Kolodner led the ONC as interim director in 2006 and then as director from 2007 to April 2009. He was named to Modern Healthcare's and Modern Physician's list of the 50 Most Powerful Physician Executives in Healthcare from 2005 through April 2008. He has served as chief technical officer for OpenHealth Tools since 2009. A psychiatrist, he also served 28 years in various capacities, including chief medical information officer, at the Veterans Affairs Department, and helped develop its VistA electronic health-record system.
“With the spread of smart mobile devices for physiological data, telehealth I see is on the verge of becoming mainstream and ubiquitous,” said Kolodner, who was reached by a telephone at the annual meeting of the American Telehealth Association in Austin, Texas. As opposed to the initial wave of telehealth technology, which was provider driven, the coming wave will be powered by patient and consumer demand, he said.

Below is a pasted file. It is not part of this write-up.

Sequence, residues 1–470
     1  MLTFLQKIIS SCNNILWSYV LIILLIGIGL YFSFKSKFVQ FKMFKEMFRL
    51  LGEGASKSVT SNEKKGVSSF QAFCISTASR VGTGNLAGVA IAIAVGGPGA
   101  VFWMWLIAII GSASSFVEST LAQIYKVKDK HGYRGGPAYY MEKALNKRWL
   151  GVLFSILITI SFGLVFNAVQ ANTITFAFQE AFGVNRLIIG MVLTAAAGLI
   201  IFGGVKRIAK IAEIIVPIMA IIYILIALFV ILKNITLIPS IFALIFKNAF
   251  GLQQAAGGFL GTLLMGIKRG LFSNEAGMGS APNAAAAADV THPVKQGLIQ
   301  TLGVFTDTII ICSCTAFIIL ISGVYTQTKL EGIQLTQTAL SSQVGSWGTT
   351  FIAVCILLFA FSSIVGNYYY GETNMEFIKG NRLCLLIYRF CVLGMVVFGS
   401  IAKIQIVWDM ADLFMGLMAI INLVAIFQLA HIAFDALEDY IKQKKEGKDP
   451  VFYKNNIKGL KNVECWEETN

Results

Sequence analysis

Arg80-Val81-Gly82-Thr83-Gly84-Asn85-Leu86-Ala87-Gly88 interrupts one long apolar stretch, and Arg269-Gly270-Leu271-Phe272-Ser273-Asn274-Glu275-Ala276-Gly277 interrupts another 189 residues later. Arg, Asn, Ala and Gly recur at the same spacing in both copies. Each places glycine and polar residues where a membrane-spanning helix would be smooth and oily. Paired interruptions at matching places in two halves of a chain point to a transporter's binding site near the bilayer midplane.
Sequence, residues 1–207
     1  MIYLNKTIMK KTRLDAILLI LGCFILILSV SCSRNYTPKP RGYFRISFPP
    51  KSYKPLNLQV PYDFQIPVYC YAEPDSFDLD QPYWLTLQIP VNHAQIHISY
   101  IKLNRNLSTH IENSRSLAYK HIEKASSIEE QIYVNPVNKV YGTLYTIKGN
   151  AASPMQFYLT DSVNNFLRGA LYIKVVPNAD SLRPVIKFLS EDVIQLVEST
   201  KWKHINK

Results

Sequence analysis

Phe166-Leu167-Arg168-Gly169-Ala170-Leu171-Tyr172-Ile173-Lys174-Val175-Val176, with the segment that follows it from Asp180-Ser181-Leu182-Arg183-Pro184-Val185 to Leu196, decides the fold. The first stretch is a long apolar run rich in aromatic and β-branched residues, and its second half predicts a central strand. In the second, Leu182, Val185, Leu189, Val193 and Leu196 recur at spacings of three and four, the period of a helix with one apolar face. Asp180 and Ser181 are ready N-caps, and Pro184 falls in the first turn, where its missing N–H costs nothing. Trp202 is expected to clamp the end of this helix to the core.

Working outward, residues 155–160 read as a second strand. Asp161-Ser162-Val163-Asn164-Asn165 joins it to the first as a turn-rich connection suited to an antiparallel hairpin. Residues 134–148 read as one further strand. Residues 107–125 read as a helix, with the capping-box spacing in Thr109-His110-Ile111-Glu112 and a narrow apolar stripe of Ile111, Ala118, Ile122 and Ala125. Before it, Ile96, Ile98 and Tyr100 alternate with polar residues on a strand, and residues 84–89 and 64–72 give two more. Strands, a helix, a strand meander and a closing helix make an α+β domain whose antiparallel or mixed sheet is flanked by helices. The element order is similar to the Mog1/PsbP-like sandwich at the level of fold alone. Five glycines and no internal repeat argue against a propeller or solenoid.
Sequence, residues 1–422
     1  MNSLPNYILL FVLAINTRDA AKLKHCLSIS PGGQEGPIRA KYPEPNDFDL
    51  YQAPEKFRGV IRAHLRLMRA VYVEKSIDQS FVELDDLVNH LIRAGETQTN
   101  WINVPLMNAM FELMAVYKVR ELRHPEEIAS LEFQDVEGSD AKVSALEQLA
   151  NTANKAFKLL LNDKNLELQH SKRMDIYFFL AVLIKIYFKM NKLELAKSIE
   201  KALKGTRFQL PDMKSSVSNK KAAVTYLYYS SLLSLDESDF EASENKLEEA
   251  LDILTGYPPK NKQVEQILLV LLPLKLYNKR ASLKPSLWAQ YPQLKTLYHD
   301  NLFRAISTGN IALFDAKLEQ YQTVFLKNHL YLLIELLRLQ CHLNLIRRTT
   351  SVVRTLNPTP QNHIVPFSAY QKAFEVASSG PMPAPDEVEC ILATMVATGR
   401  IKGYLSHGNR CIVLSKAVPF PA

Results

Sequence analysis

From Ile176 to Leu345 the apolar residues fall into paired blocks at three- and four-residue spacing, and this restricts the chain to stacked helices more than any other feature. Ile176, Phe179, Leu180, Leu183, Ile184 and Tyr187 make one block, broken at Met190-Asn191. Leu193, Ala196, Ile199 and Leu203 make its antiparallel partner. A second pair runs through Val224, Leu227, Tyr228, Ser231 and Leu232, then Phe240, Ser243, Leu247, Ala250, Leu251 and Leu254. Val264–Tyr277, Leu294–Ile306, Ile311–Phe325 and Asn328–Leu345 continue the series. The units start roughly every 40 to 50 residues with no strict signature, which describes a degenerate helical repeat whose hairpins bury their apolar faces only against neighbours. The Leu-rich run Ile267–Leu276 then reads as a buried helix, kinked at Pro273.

“This ability to connect high-end equipment with an iPhone or an Android gives people increased choices on how to engage with the healthcare system,” Kolodner said. “Predictions are always dangerous, but when things are really close, you don't see it coming. We've been kind of preparing the infrastructure. We're all carrying smartphones. It's analogous to doctors making house calls, which they used to do. Now, we'll be able to do that in a way that's faster, easier and more efficient for clinicians and patients. When the people who are looking for care start choosing their providers based on 'Can I visit you remotely rather than having to take a half day off?' that will move the marketplace.”
“I think within five years, we'll see a major uptick,” he said.
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